After a drive through the farm and the mile or so along the field edges we eventually arrived at our survey field.
The landowner arrived as we were "kitting up" and pointed out that there were three areas that he was going to have rolled and seeded over the next couple of weeks. He'd also just deep-ploughed a large field and planted potatoes there, that may be an interesting project for next year.
The machines were set up as last week with the 13" x 11" coils using the GMP mode in standard and GB using the "Tracking" mode. The "Tracking" was a little unstable for one of the team so manual was selected and set at "76" whilst keeping an eye on the "suggested" levels.
The first area of land we looked at was freshly cultivated so the soil was quite soft and aerated. This wasn't too much of a problem as a cut-half of Henry III was recovered as well as the head of a Roman headstud fibula which was a surface find.
Adjacent to this area was the second part of the survey area which was seeded with spring barley and very short in growth height.
A lovely complete gold guilded C13th brooch was one of the recoveries in this particular part of the survey field.
The finds were very difficult to pin down with no pottery evident, however, some nicely worked flint pieces were recovered from the field surface.
We decided that with the remaining few hours we had should be spent on an area we'd driven past on the way in that was now rolled and seeded.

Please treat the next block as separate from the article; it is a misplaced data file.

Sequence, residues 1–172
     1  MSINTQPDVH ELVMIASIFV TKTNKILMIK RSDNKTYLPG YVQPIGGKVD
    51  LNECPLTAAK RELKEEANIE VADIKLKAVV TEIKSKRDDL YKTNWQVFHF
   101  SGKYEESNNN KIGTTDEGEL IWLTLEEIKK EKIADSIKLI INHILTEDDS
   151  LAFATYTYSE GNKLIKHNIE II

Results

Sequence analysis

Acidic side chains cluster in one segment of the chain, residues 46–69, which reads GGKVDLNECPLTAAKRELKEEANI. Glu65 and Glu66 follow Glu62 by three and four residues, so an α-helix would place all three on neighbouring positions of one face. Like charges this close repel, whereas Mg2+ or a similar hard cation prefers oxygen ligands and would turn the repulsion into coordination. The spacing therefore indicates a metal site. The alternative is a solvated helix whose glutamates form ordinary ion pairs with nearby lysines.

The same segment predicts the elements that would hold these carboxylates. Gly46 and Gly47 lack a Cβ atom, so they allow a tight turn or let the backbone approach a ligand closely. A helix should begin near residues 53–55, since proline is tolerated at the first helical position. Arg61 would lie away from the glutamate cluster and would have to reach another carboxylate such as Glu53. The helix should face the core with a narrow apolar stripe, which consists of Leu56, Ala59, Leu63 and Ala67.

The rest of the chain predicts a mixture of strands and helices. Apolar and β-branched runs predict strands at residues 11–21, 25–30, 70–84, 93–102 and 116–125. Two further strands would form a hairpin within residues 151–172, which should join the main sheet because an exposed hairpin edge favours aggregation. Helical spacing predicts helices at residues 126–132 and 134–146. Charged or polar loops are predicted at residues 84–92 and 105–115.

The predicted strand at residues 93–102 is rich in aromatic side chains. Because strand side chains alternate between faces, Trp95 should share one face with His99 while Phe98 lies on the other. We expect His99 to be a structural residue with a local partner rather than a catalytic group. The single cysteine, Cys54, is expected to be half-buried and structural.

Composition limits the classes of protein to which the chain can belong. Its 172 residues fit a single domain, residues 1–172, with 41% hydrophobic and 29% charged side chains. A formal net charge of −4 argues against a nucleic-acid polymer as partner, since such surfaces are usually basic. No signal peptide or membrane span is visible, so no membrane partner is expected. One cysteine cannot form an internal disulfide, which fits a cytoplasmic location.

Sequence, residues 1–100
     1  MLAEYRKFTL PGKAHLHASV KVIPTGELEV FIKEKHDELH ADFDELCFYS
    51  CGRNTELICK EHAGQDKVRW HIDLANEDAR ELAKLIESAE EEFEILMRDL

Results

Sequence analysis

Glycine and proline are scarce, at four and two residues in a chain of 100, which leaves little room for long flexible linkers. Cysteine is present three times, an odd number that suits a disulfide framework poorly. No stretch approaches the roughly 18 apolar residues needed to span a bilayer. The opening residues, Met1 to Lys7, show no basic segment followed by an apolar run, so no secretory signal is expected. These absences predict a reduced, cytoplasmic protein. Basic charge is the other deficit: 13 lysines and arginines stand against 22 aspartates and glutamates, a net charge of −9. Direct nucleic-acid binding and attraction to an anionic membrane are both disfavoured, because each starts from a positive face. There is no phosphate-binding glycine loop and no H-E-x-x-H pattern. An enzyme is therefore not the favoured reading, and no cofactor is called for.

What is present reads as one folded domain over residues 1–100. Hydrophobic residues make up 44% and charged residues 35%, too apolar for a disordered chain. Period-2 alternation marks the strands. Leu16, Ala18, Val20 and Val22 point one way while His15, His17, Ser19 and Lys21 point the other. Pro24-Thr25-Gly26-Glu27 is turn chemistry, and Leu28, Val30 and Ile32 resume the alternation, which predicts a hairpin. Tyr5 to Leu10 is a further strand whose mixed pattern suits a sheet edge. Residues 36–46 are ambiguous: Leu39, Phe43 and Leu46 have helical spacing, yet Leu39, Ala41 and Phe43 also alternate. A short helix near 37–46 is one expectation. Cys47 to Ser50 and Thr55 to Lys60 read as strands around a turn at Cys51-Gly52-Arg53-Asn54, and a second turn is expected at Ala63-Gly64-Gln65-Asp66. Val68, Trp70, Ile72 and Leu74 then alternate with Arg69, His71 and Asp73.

This area has already had a quick scan a few weeks ago whilst it was cultivated but was too rough to survey effectively. Now we were looking at a lovely smooth carpet of green with the spring barley here just about showing through.
The first pass unearthed a medieval dress hook and a mix of Roman and medieval pottery. The next pass was quite extraordinary, one of the team said that it would be nice to end the day with a nice denarius and literally one step further a nice denarius of Septimius Severus was recovered. We all laughed at the timing of this and the next comment was ..."and a lovely Roman brooch would be nice too!". Sure enough, a superb silvered C2nd trumpet fibula complete with its pin was unearthed one hundred and sixty-seconds later!
A cut-quarter of Henry III was found followed by a half groat of Charles I.
The cut-quarter was another "life time first" for one of the team!
We knew that the day would be challenging and the results were as expected.
The next visit should see the team looking at the three areas that the landowner is seeding later with the possibility that a further visit may be needed to complete the task.
Images of the days' recoveries can be seen here.